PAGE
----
Note: these 'words' (valid or invalid) are all the permutations of the word got. These words are obtained by scrambling the letters in got.
Definitions and meaning of got
(Received Pronunciation) IPA(key): /ɡɒt/
(General American) IPA(key): /ɡɑt/
(Boston, New England) IPA(key): /ɡʌt/, /ɡɒt/
simple past tense of get
We got the last bus home.
(Britain, Australia, New Zealand)past participle of get
By that time we'd got very cold.
I've got two children.
How many children have you got?
I can't go out tonight, I've got to study for my exams.
(Southern US, with to) must; have (to).
I got to go study.
1971, Carol King and Gerry Goffin, “Smackwater Jack”, Tapestry, Ode Records
We got to ride to clean up the streets / For our wives and our daughters!
(Southern US, nonstandard) have
They got a new car.
He got a lot of nerve.
(Southern US, African-American Vernacular, euphemistic, slang) to be murdered
He got got.
(past participle of get): The second sentence literally means "At some time in the past I got (obtained) two children", but in "have got" constructions like this, where "got" is used in the sense of "obtained", the sense of obtaining is lost, becoming merely one of possessing, and the sentence is in effect just a more colloquial way of saying "I have two children". Similarly, the third sentence is just a more colloquial way of saying "How many children do you have?"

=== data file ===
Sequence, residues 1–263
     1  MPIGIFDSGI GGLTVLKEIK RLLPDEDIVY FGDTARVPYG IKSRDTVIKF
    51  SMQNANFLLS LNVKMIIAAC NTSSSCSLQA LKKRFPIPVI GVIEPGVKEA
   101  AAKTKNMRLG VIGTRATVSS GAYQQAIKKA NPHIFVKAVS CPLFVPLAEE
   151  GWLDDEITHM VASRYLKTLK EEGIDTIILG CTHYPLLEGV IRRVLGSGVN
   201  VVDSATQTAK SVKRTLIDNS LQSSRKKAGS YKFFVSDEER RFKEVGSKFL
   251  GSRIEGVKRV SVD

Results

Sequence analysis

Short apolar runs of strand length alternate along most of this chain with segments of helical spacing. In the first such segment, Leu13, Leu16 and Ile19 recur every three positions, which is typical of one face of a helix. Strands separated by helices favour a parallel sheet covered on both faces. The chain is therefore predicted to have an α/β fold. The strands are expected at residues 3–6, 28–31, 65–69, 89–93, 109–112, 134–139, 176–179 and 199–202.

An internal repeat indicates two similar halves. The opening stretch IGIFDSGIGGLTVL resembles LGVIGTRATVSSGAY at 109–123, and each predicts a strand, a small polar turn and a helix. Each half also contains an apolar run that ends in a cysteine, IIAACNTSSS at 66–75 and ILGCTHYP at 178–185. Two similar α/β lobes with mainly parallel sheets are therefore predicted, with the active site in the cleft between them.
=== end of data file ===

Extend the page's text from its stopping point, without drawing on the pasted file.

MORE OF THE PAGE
(past participle of get): The American and archaic British usage of the verb conjugates as get-got-gotten or as get-got-got depending on the meaning (see Usage Notes on "get" for details), whereas the modern British usage of the verb has mostly lost this distinction and conjugates as get-got-got in most cases.
(expressing obligation): "Got" is a filler word here with no obvious grammatical or semantic function. "I have to study for my exams" has the same meaning. It is often stressed in speech: "You've just got to see this."
(have): In nonstandard speech the verb may be reinterpreted as a regular present tense, so that the form gots appears in the third-person singular present, e.g. She gots a red bike.
(must, have (to)):gotta (informal)
GTO, OTG, TGO, tog
(Balearic, Central, Valencian) IPA(key): /ˈɡɔt/
From Vulgar Latin*gottus, from Latinguttus.
glass (drinking glass)
gotm (pluralgots, femininegoda)
nominative plural of go
German Low German
Alternative spelling of goot
From Dutchgoot(“gutter”), from Middle Dutchgōte, from Old Dutch*gota, from Proto-Germanic*gutō.